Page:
Build your vocabulary with Merriam-Webster's Word of the Day! Each day a Merriam-Webster editor offers insight into a fascinating new word -- explaining its meaning, current use, and little-known details about its origin.
August 22nd, 2015
Episode 296 of 898 episodes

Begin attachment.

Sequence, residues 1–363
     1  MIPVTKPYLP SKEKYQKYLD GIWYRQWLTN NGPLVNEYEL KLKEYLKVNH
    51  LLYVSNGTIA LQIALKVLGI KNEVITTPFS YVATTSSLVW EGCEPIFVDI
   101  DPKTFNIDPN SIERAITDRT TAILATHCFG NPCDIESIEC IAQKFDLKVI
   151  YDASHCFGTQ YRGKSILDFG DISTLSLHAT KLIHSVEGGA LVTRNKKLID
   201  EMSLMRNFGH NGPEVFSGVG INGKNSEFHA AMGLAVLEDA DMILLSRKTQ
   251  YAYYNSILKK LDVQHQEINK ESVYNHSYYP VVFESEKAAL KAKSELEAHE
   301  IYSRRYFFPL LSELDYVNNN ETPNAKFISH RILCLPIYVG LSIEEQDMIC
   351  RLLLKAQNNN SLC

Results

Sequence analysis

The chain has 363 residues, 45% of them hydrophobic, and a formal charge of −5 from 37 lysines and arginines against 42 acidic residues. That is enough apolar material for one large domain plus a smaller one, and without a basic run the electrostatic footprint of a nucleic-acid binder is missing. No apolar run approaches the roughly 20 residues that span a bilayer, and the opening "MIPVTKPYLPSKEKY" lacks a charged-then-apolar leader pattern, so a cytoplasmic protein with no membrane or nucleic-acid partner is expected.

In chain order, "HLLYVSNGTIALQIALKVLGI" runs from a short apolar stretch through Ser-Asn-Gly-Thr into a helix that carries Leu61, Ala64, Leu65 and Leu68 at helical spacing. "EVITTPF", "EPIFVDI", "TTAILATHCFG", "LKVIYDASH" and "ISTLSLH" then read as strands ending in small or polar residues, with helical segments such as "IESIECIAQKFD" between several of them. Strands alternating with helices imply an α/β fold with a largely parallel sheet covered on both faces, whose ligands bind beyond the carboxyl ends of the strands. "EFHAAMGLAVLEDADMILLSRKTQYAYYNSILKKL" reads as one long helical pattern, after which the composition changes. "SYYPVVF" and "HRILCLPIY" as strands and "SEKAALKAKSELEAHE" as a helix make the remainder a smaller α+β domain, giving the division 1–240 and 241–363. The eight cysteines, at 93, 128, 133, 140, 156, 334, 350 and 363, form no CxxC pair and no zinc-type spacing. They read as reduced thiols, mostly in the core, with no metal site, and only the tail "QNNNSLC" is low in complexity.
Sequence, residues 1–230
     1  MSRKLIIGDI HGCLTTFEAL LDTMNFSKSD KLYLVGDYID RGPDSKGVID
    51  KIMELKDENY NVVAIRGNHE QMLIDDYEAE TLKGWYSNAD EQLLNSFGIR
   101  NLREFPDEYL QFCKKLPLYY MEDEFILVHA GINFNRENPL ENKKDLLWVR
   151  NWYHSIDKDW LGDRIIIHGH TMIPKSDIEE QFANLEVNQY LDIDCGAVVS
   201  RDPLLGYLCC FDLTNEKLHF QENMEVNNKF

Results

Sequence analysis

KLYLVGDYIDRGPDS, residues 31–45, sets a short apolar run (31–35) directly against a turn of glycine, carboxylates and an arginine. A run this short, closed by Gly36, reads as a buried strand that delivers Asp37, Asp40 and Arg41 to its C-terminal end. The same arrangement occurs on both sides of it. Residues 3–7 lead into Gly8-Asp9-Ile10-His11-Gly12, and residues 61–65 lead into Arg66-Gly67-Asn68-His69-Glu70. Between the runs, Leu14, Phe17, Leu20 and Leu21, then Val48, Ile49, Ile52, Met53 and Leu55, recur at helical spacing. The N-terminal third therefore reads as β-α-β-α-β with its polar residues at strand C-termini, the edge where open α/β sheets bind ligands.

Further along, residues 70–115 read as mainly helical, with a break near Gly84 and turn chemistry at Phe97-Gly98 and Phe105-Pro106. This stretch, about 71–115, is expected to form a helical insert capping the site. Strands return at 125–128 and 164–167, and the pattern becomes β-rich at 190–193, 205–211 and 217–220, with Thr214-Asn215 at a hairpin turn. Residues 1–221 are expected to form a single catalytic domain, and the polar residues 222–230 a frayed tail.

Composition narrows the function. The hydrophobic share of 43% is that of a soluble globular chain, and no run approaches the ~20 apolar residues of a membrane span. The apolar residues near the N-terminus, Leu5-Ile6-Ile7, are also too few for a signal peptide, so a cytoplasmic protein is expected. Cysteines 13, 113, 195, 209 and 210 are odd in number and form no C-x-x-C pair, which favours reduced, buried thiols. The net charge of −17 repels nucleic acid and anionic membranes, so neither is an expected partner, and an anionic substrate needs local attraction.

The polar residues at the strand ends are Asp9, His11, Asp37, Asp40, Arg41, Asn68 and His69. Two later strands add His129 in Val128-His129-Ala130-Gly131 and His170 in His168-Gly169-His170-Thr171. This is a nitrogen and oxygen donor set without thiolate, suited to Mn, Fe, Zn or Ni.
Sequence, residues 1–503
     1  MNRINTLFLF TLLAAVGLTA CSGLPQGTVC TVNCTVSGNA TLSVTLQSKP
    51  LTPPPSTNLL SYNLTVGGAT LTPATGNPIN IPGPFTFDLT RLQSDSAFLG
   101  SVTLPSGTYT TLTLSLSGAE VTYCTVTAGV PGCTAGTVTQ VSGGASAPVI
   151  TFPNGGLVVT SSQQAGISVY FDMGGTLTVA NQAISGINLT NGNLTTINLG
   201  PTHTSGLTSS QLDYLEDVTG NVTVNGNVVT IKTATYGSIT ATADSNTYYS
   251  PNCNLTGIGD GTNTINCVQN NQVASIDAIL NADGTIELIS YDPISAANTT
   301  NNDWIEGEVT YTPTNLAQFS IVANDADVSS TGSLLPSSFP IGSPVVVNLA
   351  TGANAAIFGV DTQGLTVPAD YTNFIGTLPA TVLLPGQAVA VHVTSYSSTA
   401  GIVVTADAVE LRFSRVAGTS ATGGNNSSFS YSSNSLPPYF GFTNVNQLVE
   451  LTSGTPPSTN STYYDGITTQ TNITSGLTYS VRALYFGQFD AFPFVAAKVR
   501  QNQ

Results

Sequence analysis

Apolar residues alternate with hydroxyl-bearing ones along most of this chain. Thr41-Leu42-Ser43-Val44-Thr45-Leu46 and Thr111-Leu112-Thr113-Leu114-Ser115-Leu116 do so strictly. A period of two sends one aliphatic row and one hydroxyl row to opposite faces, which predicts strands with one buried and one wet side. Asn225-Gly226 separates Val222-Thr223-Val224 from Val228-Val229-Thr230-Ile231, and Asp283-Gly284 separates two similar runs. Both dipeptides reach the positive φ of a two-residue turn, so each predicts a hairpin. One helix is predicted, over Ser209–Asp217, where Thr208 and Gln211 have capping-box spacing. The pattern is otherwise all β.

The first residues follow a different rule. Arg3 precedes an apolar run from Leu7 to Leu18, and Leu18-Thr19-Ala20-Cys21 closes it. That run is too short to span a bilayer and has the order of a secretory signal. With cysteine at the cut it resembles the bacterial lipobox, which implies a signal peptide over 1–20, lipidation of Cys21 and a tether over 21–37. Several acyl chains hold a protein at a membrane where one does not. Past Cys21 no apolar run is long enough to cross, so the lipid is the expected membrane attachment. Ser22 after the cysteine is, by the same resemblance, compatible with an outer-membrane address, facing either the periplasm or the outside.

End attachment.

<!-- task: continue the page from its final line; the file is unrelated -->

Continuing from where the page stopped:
Merriam-Webster's Word of the Day for August 22, 2015 is: netiquette \NET-ih-kut\ noun : etiquette governing communication on the Internet Examples: "It's good netiquette to link to the article from which you borrow and to name your source." John D. Farmer, Richmond (Virginia) Times Dispatch, May 30, 2011 "Good netiquette includes not using all caps when typing, as it comes across as shouting. Netiquette also involves respecting the privacy of others online, and not sharing or forwarding emails and personal messages of others." John DeGarmo, Keeping Foster Children Safe Online, 2014 Did you know? When the first computer networks were being developed in the 1950s and 60s, few people could have predicted the extent to which the Internet would revolutionize our cultureand our language. These days, you don't have to be a computernik (a computer expert or enthusiast) or a mouse potato (someone who spends a great deal of time using a computer) to be familiar with words like blog, download, or the verb google. And even computerphobes are likely to know that in modern jargon, a "mouse" isn't necessarily a small furry rodent and the newest "virus" may be more of a threat to your computer than to your health. Netiquette, a blend of net (as in Internet) and etiquette, joined our language in the early 1980s.
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